It’s those very of moments the world has been starving for since dance floors were left deserted way back in late March. A movement prided on the core values of community and freedom of expression; dance music’s alacrity can be translated through Anthony Cardinale’s recent outing on Mindshake Recordings – ‘Feelin’ You’. It features two bumping house cuts comprised of jackin’ groove filled with funk, soulful vocals and summertime vibes.
More commonly known as Avision, the hotly-tipped New Jersey-based prospect grants it was always a personal goal of his to incorporate his disco influences within his groove-infused New York techno approach. “Over the years, I have certainly matured as an artist. This has improved and upgraded my sound, but I try not to stray away from my creative process unless I need to change it. This EP taught me how to work with different samples, and how to evolve them into something more personalised.”
Inspired by the coronavirus, Avision’s mindset has evolved greatly, as he explains:
“Having this allocation of time purely for producing has placed me in a greater mindset and I’ve finally been able to become the producer I have always wanted to become rather than having an urgency about my process.”
Underlining his identity as a musician first and foremost, Avision has really been able to fine-tune and evolve his current sound. Referring to his ‘Innocence’ EP, which came out on Maceo Plex’s label, Ellum, earlier this year, he says: “House and techno music is always about that bomb record, which takes your attention away from the quality sometimes, and with my material this year – I wanted that bomb substance, but shining a real quality through in the nuances.”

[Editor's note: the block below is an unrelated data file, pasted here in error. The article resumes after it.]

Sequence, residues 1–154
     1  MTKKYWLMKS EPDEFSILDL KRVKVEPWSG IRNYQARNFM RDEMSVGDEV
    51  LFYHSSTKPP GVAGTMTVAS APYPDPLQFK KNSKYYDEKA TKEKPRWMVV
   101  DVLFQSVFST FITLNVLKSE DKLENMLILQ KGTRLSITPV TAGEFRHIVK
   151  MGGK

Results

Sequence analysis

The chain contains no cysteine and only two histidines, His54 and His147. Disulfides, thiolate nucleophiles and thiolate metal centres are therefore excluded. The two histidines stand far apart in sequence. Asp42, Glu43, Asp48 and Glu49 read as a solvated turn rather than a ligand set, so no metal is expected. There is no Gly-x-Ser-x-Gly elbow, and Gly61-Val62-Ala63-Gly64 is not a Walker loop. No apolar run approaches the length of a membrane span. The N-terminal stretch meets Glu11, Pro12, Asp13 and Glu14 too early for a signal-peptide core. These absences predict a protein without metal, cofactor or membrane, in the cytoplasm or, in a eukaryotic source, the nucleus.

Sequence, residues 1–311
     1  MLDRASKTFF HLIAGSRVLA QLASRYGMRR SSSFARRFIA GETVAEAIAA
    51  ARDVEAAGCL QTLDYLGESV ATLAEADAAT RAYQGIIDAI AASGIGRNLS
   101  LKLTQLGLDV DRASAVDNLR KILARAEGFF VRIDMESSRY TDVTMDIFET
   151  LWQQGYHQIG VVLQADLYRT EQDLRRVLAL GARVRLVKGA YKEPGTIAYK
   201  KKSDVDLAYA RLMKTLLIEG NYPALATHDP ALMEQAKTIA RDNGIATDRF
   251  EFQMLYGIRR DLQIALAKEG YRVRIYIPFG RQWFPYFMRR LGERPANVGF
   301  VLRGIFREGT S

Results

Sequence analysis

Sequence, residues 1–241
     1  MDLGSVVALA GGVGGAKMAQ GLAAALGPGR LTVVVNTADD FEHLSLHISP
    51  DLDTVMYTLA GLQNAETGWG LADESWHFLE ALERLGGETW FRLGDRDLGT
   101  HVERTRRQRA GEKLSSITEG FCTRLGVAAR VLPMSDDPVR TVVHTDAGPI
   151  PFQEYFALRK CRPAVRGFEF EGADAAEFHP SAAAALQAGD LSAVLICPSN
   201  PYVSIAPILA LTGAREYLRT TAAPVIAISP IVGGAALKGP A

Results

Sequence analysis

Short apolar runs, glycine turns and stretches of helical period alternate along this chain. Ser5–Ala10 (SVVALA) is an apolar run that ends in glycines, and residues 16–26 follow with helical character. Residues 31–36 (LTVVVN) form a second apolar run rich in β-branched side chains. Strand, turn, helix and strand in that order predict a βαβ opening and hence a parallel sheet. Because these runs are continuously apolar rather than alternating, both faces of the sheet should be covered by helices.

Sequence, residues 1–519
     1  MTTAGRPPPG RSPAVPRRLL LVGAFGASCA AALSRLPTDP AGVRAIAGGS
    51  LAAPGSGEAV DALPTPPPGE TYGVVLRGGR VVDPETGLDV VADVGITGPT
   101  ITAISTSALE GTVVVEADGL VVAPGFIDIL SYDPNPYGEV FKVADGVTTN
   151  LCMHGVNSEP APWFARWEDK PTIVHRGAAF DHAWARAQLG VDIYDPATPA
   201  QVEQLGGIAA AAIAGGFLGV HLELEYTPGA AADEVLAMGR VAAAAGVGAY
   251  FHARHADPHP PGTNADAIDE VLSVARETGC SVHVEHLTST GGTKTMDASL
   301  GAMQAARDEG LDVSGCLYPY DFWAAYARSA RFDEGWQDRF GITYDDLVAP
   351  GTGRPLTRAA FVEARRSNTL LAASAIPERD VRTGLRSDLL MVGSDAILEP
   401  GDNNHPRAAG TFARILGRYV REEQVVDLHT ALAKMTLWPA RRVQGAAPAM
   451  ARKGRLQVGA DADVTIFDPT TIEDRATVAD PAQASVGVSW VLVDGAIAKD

Whilst a bomb record is subject to personal preference, a quality record never lies. With over 30 years’ experience in the game, Robert Babicz has made his fair share. A proud purveyor of Babiczstyle, Robert’s acid-drenched sonic exorcisms illustrate his razor-sharp ethos– to work hard, make mistakes and move on, and his lockdown time is a testament to this.
Bringing about a unique artistry encompassing sound, vision, emotion and spirituality, Robert is accessing a special state of consciousness whilst bringing new perspective to his ethos.
“I’ve discovered that being functional is not so important right now. With this, I realised I wanted the happy accidents to return to my productions. It’s almost a throwback to the 90’s, not everything was perfect. But, in a way, when you push the wrong button and something happens that isn’t planned, it can be amazing.”